# Particles falling towards a mass

Reference: Moore, Thomas A., A General Relativity Workbook, University Science Books (2013) – Chapter 10; Problem 10.3.

Another example of using the Schwarzschild metric to calculate some properties of a particle’s trajectory. This time we start off with two masses at infinity, with one at rest (so ${e=1}$) and another moving radially inwards towards the central mass ${M}$ with ${e=2}$. What are the speeds of these two particles when they pass the point ${r=6GM}$?

We can start by looking at the invariant equation

$\displaystyle E=-\mathbf{p}\cdot\mathbf{u}_{\mbox{obs}} \ \ \ \ \ (1)$

where ${\mathbf{p}}$ is the particle’s momentum as measured by an observer at rest at ${r=6GM}$, and ${\mathbf{u}_{\mbox{obs}}}$ is the four-velocity of the observer. In the Schwarzschild metric an observer at rest has four-velocity

$\displaystyle u^{t}=\left[\left(1-\frac{2GM}{R}\right)^{-1/2},0,0,0\right] \ \ \ \ \ (2)$

The relation above then becomes

 $\displaystyle E$ $\displaystyle =$ $\displaystyle -g_{tt}p^{t}u^{t}\ \ \ \ \ (3)$ $\displaystyle$ $\displaystyle =$ $\displaystyle \left(1-\frac{2GM}{r}\right)\left(m\frac{dt}{d\tau}\right)\left(1-\frac{2GM}{r}\right)^{-1/2}\ \ \ \ \ (4)$ $\displaystyle$ $\displaystyle =$ $\displaystyle m\left(1-\frac{2GM}{r}\right)^{1/2}\frac{dt}{d\tau} \ \ \ \ \ (5)$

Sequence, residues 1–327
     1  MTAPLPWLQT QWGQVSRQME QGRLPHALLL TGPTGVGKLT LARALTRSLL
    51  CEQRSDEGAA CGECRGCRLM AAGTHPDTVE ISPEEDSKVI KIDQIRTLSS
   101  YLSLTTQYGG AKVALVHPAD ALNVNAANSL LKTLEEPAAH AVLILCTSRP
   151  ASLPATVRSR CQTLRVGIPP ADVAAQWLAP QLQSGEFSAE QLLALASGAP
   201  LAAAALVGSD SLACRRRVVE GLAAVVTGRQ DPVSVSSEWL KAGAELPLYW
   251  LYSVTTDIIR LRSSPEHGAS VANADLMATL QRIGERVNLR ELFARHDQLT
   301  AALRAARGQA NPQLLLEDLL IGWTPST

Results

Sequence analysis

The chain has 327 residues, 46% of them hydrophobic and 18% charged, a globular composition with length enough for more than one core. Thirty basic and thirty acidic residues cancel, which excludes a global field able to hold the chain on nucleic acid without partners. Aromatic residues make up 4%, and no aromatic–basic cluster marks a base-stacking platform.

where ${m}$ is the particle’s mass.

We know that the conserved quantity ${e}$ is given by

$\displaystyle \left(1-\frac{2GM}{r}\right)\frac{dt}{d\tau}=e \ \ \ \ \ (6)$

so we can substitute for ${dt/d\tau}$ above to get

 $\displaystyle E$ $\displaystyle =$ $\displaystyle m\left(1-\frac{2GM}{r}\right)^{1/2}\frac{e}{\left(1-\frac{2GM}{r}\right)}\ \ \ \ \ (7)$ $\displaystyle$ $\displaystyle =$ $\displaystyle me\left(1-\frac{2GM}{r}\right)^{-1/2} \ \ \ \ \ (8)$

The energy of a particle moving at speed ${v}$ is (from special relativity)

$\displaystyle E=\frac{m}{\sqrt{1-v^{2}}} \ \ \ \ \ (9)$

so combining the two results we get

 $\displaystyle \frac{m}{\sqrt{1-v^{2}}}$ $\displaystyle =$ $\displaystyle me\left(1-\frac{2GM}{r}\right)^{-1/2}\ \ \ \ \ (10)$ $\displaystyle \frac{1}{e^{2}}\left(1-\frac{2GM}{r}\right)$ $\displaystyle =$ $\displaystyle 1-v^{2}\ \ \ \ \ (11)$ $\displaystyle v$ $\displaystyle =$ $\displaystyle \left[1-\frac{1}{e^{2}}\left(1-\frac{2GM}{r}\right)\right]^{1/2} \ \ \ \ \ (12)$

For ${e=1}$ and ${r=6GM}$:

$\displaystyle v=\frac{1}{\sqrt{3}} \ \ \ \ \ (13)$

For ${e=2}$:

$\displaystyle v=\sqrt{\frac{5}{6}} \ \ \ \ \ (14)$

## 3 thoughts on “Particles falling towards a mass”

1. Chris Kranenberg

Part d asks to express the energy in terms of l, GM and R. Therefore, replacing the time component of the four-momentum with Moore Eq. 10.35 provides the desired expression and satisfies the requirements for Part e.